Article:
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  • Honora Wall

For dyscalculia, use a multiplication list!

The old-fashioned multiplication list is BY FAR the best tool for students with dyscalculia, 3rd grade through 8th grade. When people have dyscalculia, the parietal lobe loses math information over time. Fluency is the wrong goal for these students because their memory works against them. Numeracy issues get in the way of the rest of the work we need them to do. It's an inflated external barrier to math success, and we can remove that barrier.


When we're teaching the algorithm of multiplying or dividing, finding multiples or factors, or teaching area and volume, our students need to focus on the new vocabulary and the steps and procedures included in the lesson. Many times, higher level math concepts are easier for people with dyscalculia. They keep up with the lesson, try their best, and fail. Just because of the numeracy piece that is key to their learning disability. There's nothing more frustrating than remembering the steps, doing the work, and getting the answer wrong because your neurodivergence worked against you.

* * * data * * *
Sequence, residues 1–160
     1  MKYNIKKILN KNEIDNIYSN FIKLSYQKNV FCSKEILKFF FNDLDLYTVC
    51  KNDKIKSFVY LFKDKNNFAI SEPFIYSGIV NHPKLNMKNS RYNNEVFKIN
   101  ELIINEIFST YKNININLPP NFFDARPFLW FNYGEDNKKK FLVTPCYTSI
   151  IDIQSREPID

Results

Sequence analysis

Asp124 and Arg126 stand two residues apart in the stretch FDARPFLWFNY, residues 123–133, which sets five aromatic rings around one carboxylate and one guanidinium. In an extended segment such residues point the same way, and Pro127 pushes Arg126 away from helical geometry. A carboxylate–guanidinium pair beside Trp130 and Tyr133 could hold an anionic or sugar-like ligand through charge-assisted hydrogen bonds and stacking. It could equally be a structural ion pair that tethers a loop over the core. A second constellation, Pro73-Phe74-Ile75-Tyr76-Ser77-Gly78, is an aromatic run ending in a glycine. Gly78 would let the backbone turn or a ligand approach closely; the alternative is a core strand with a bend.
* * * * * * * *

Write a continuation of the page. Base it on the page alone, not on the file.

And teachers, guess what? This amazing tool works just as well for all of your students, struggling or otherwise. The list is better than the chart because the list supports accuracy. It helps students with visual-spatial issues. It helps all students increase fluency. It has so many uses! Least Common Multiple, Greatest Common Factor, and simplifying fractions will be so much easier for your students.


Whether it's multiplying longer sets of digits, multiplying decimals, dividing numbers, finding LCM, GCF, simplifying fractions, or more, the multiplication list does it all. It's a great tool for supporting the parietal lobe wiring issues that many people with dyscalculia struggle to overcome.


Multiplication List 1 to 12
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